Managing Your Sourdough Starter

(Eric) #21

I think I would have been more surprised if it didn’t mold. 2 months is a very long time to go without care. All it would take is tiny amount of mold to get hold and it would have plenty of time to multiply over the 2 months. To keep a starter healthy typically calls for roughly weekly feeding.

(Eric) #22

I’m a tad late to be of any help here, but what happened with it?

(Eric) #23

There’s probably no need to keep that much starter on hand unless you plan on starting a bakery. Since most sourdough recipes only call for a relatively small amount of starter, you might want to toss all but a couple cups at most. Besides taking up less space, you won’t have to feed it as much to keep it healthy. Here’s a page on sourdough starter management that might be helpful:, but the really rough answer to your question is feed it at least once a week and at least double it each time you feed it. That’s why if you’re not using it enough, you’ll need to toss some periodically in order to keep the quantity manageable.

(cullen) #24

I have been making bread almost everyday for the last two weeks. Last week I noticed my bread and starter had lost its sourness. I read that frequent feeding will not allow enough time for the bacteria to develop. How can I bake everyday and not lose the flavour without keeping many starters?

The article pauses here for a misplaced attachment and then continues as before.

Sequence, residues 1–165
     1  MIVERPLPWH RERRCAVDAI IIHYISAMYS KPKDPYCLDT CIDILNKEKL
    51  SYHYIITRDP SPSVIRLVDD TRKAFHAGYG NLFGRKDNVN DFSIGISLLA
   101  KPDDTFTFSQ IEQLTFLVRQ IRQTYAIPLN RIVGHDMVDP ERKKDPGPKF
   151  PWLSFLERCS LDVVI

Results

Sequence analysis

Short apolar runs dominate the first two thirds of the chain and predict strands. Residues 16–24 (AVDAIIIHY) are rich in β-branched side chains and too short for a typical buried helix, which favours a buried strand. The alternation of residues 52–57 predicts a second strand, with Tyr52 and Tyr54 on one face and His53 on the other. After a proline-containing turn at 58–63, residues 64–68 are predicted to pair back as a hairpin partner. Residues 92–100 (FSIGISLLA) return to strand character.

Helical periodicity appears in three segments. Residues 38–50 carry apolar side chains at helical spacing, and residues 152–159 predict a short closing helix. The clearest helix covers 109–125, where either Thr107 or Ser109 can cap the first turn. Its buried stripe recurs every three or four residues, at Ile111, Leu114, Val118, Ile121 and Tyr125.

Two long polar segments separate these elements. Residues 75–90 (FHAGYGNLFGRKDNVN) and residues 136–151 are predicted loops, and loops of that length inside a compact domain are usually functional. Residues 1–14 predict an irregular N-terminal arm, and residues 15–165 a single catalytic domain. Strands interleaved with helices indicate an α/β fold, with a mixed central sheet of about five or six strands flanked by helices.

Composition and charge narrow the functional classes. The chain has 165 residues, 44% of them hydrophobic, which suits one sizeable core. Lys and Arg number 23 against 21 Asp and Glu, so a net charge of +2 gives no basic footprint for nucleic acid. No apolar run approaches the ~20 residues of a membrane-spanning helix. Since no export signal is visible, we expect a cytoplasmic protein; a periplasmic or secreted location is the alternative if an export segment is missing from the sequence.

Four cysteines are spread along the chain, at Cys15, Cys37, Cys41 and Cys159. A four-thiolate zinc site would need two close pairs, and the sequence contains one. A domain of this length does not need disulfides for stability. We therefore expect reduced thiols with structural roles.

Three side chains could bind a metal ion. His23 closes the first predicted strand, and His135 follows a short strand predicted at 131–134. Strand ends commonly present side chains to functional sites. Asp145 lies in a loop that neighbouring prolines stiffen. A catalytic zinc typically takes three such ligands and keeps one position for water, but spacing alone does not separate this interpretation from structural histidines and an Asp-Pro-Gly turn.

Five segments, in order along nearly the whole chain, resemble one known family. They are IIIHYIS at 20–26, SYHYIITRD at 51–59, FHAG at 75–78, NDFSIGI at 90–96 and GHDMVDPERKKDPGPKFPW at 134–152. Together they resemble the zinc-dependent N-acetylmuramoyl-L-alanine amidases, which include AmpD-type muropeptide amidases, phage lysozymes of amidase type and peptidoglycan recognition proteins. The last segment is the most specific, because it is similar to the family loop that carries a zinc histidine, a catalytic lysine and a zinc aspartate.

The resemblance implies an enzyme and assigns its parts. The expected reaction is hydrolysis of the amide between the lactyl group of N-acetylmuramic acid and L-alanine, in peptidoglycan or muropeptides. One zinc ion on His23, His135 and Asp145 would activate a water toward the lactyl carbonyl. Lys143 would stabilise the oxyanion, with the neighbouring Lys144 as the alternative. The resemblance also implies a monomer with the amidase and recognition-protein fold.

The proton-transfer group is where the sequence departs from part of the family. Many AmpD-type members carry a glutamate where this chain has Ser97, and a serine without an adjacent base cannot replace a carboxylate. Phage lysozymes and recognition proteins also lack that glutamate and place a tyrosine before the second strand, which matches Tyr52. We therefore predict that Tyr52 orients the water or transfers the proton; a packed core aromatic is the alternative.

(Eric) #25

You could try longer dough fermentation (prooving) times at lower temps. Try retarding the dough in the fridge overnight and see if that helps.

(garyg) #26

I have a question…

My starter doesn’t bubble on the surface anymore after it’s fed. There’s a lot of air bubbles on the sides of the jar and the starter rises a lot, but no bubbles on the surface. Is this bad?

The bread comes out great, however not seeing those bubbles anymore disheartens me.

thank you,

(Eric) #27

Hi Gary,

You know what they say about “the proof of the pudding”. Your bread wouldn’t come out great if your starter wasn’t healthy. My guess is that you may just have to stiffen it up. Lower the starter hydration by adding more flour. A stiffer starter will better trap the co2 gas from fermentation and get more bubbly and spongy.

(ritchd01) #28